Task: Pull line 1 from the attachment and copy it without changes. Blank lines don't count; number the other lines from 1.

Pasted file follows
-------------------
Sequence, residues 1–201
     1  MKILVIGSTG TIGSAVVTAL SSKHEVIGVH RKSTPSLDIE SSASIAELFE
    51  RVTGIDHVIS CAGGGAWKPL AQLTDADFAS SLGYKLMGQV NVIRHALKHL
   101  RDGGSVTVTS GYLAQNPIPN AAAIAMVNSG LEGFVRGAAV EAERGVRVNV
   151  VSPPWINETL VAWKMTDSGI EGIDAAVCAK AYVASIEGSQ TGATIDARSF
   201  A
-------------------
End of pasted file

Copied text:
Sequence, residues 1–201